We honor the labor that got us here.
When talking about institutional capacity, we interrogate what REI work really takes and the fact that Black women in particular often face an undue burden in holding the work.
We value working with an abundance mindset and an openness to possibilities.
We recognize that communities at the margins have always had to discover resources where “there aren’t any” and craft possibilities for thriving without institutional support. We strive for accountability to these communities in the cities where we work and commit to fostering creative, visionary spaces rooted in a pro-Black vision for the future.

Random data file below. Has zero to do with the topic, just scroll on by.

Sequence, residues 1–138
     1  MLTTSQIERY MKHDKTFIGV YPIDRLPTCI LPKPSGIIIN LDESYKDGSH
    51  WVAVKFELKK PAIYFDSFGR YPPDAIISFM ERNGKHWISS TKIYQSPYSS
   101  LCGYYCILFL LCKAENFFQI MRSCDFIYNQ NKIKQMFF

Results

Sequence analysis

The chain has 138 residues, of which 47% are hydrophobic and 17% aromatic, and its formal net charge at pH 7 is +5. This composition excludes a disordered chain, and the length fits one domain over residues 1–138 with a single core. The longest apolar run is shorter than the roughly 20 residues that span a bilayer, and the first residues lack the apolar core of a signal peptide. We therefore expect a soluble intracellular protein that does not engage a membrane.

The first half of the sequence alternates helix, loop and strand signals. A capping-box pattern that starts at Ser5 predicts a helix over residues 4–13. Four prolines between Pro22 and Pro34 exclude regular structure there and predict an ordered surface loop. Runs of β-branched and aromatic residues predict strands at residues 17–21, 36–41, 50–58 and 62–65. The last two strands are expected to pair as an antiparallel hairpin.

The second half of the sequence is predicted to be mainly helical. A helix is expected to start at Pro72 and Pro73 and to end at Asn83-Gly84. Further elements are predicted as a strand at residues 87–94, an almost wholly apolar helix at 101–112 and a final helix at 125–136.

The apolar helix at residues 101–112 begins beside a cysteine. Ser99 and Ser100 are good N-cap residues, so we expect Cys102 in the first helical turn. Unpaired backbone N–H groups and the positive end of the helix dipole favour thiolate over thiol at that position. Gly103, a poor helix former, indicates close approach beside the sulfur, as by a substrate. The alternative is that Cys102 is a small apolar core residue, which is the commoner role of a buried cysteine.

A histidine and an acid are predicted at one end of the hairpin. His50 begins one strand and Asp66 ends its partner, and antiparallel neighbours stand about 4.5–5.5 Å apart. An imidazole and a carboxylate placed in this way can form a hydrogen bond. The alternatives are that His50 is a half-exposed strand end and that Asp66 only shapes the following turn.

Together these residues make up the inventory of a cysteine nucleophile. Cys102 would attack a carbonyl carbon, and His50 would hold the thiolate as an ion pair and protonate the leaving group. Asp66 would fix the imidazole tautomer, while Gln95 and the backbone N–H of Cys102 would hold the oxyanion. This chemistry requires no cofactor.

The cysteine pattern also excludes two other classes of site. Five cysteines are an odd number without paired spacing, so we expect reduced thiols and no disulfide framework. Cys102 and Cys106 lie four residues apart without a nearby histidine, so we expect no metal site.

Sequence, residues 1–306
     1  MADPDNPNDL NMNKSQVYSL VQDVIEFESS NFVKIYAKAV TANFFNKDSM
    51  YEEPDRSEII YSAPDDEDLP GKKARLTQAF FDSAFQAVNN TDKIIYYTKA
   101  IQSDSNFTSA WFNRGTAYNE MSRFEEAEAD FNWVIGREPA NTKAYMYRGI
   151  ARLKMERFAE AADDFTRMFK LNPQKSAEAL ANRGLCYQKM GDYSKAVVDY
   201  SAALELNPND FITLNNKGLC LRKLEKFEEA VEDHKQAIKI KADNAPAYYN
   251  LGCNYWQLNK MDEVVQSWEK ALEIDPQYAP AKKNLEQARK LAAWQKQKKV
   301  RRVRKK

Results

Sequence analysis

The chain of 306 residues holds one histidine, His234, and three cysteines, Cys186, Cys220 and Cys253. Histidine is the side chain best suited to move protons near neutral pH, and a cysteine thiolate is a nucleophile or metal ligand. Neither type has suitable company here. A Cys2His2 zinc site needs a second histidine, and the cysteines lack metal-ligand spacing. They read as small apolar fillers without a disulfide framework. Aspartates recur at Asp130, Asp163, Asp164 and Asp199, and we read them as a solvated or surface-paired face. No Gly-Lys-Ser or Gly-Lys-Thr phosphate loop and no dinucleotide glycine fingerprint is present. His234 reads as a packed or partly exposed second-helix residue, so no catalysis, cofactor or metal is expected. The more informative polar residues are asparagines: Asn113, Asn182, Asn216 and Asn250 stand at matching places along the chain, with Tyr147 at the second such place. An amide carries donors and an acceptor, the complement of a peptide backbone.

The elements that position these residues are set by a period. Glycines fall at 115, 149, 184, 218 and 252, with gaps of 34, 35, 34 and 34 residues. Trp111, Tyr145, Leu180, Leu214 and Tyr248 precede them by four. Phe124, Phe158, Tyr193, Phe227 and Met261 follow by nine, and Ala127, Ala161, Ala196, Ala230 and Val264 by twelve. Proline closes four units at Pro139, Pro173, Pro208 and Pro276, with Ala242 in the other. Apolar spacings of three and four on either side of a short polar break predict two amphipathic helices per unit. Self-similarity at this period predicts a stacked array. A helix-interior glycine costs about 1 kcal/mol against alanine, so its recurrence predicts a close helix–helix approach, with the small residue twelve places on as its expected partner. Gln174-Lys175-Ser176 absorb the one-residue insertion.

Racial equity is a process and an outcome.
We seek to move beyond the binary thinking that suggests there is an “end” or that some cities are “on top” or “more successful” when it comes to racial equity.
When we say community, we name what we mean.
We understand the different relationships communities may have with the city governments we work with. We acknowledge that many people working in city government are part of the community.
We know that racial equity work is a day-today practice of shifting our behaviors and power.
We are committed to:
- Anti-racist principles as outlined by the People’s Institute for Survival & Beyond
- Antidotes to white supremacy culture as outlined by Tema Okun
- Accountability at all levels
- Working together in new, transformational ways
- Continuous learning and improvement